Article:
Pa Small Business Health Insurance – Small businesses are the backbone of this country, employing more than 47% of US self-employment, or 60 million people. You may be a small business leader weighing the pros and cons of offering employee health insurance.
At one point, every small business was in your shoes. They had to decide what to do with health insurance. According to the SBA, 50 percent of small businesses with 3 to 9 employees offer health insurance benefits to their employees. About 71% of small businesses with 10 to 24 employees offer health insurance benefits, and 85% with 25 to 49 employees do.
Pa Small Business Health Insurance
The Affordable Care Act states that small businesses with fewer than 50 employees do not have to provide health insurance benefits to their employees or pay a non-payment penalty to the IRS. This does not mean that they should not offer health insurance benefits.
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Regardless of the size of the employer, health insurance benefits are a great deal for employees. A 2020 survey of 2,000 people found that 84% put health insurance at the top of their list of most desired benefits, and the Society of Human Resource Management (SHRM) reported that 92% of employees say benefits are important to their overall job satisfaction. .
These numbers prove that benefits are a major contributor to talent acquisition and retention. Happy, healthy, caring employees are more loyal, productive, and appreciate your business. Yes, health insurance plans can be expensive, but with so many small businesses (your competition) offering health insurance benefits, can you afford it? Think of health insurance benefits less as an expense and more as an investment, which results in a better employee.
There’s no getting around the fact that healthcare, in general, is expensive. However, there are ways to reduce the cost of your health insurance while providing great benefits to your employees. While traditional, fully funded plans are the most common (think the big boys, like Blue Cross Blue Shield, Aetna, Humana, United, etc.), their costs and uncertainty are driving many small businesses to look elsewhere. And when there is a need, a solution will surely follow.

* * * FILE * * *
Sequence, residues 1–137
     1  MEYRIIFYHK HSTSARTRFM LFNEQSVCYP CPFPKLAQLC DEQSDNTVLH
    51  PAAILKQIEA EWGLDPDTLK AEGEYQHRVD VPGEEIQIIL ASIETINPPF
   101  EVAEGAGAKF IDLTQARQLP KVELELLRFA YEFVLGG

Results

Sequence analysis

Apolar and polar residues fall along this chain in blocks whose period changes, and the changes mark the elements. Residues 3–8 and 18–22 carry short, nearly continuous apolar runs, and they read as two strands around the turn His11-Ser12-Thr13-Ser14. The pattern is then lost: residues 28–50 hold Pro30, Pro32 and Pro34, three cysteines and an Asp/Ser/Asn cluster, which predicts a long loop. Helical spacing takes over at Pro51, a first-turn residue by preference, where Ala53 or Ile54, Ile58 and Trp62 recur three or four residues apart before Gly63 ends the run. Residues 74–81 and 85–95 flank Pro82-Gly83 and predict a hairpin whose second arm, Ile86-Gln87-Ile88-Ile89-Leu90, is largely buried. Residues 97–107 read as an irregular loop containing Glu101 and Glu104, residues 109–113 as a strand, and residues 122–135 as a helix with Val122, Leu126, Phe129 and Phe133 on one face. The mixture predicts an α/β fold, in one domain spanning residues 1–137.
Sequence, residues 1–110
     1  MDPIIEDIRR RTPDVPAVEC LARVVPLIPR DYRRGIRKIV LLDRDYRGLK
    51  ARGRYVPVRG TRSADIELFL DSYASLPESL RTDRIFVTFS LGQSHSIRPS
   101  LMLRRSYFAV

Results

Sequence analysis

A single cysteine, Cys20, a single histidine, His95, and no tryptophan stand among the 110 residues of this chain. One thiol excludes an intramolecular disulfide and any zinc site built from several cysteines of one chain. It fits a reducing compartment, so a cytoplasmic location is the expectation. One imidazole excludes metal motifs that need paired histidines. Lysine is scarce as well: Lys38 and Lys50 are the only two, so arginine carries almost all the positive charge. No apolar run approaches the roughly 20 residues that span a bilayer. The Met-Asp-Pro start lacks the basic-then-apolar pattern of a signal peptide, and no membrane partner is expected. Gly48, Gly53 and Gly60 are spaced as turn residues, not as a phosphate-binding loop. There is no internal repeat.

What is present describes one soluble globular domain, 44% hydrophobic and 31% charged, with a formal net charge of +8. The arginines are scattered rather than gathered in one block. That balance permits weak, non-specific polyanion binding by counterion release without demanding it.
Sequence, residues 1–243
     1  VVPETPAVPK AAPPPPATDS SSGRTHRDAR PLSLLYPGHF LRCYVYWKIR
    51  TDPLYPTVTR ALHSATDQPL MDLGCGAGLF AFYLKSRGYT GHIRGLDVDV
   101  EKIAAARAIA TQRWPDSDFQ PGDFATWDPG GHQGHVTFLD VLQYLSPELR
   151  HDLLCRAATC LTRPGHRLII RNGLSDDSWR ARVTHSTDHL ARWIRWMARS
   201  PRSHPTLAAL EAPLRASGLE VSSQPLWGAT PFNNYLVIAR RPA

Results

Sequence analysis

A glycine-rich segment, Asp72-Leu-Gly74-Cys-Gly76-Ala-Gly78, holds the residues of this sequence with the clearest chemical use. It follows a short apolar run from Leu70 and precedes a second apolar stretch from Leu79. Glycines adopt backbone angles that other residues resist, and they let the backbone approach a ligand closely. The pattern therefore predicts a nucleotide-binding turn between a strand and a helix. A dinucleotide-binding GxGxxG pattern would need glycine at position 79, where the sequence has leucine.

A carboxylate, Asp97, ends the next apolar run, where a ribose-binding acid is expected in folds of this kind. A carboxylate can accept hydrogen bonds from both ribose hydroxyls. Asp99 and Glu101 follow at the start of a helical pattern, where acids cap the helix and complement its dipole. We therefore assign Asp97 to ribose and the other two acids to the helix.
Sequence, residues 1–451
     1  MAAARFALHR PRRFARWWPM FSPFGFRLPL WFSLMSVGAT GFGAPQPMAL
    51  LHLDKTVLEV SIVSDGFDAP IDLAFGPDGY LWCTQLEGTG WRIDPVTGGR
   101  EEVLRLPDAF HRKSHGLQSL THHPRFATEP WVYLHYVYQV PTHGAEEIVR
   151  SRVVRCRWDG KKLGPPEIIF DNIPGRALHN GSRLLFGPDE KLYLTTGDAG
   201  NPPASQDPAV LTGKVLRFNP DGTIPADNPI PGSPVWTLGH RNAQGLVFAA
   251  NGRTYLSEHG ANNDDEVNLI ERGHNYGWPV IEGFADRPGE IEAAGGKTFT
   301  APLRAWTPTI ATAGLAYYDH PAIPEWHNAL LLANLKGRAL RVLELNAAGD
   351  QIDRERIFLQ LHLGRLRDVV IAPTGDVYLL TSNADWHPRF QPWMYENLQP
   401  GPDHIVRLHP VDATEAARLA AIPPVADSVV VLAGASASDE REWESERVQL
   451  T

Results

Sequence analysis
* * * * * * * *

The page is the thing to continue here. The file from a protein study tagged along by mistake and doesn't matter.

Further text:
The Self-Finance Program is one of the traditional programs and attracts small businesses across the country. It is important to understand the difference between a fully funded health plan and a self-funded health plan.
Self Funded Insurance Plans 101
A fully funded health plan is funded by the insurance company rather than the employer. The carrier assumes all risk and owns the policy. Your company pays a fixed monthly premium to the carrier to pay your employee’s claims and administer/administer the plan for you. Regardless of how many claims your employees make or how expensive those claims are, the carrier, not your company, bears the risk of paying (or denying) them.
Although the fully funded program is predictable from month to month, it is highly unpredictable from year to year. You may know what you will pay throughout the year, but there is no way to know what you will pay next year. If your company’s health care claims are higher than your carrier’s premium calculations, you can expect your premiums to go up next year.
In addition, health care costs have increased annually – expected to increase by 6.5% by 2022 as the ongoing COVID-19 pandemic continues to increase the use and cost of medical services.
A self-funded health plan is funded by the employer rather than the policyholder. This means your company takes all the risk and pays your employees’ claims as they come in. Your company will also be responsible for the administration and management of the program.
Group Health Insurance
It may sound overwhelming, but a self-funded health plan has significant cost benefits. First, by removing the carrier, you avoid markup charges and get some tax benefits. You only pay for the health care used by employees. If employee requests are low then you less and if they are high then more. A traditional carrier works like your auto insurance: you pay a fixed premium whether there are claims or not.
For added protection against high claim costs, there is a type of self-funded health plan called a tiered health plan. A tiered financing plan includes stop loss insurance to protect against “catastrophic” claims that could blow your budget. Stop loss insurance covers the amount above a set limit (cap) that you will be required to pay. If claims are more than your cap, stop loss insurance, and if claims are less, your company gets a discount to cover the difference. You’ll never see a discount from a traditional, fully funded plan.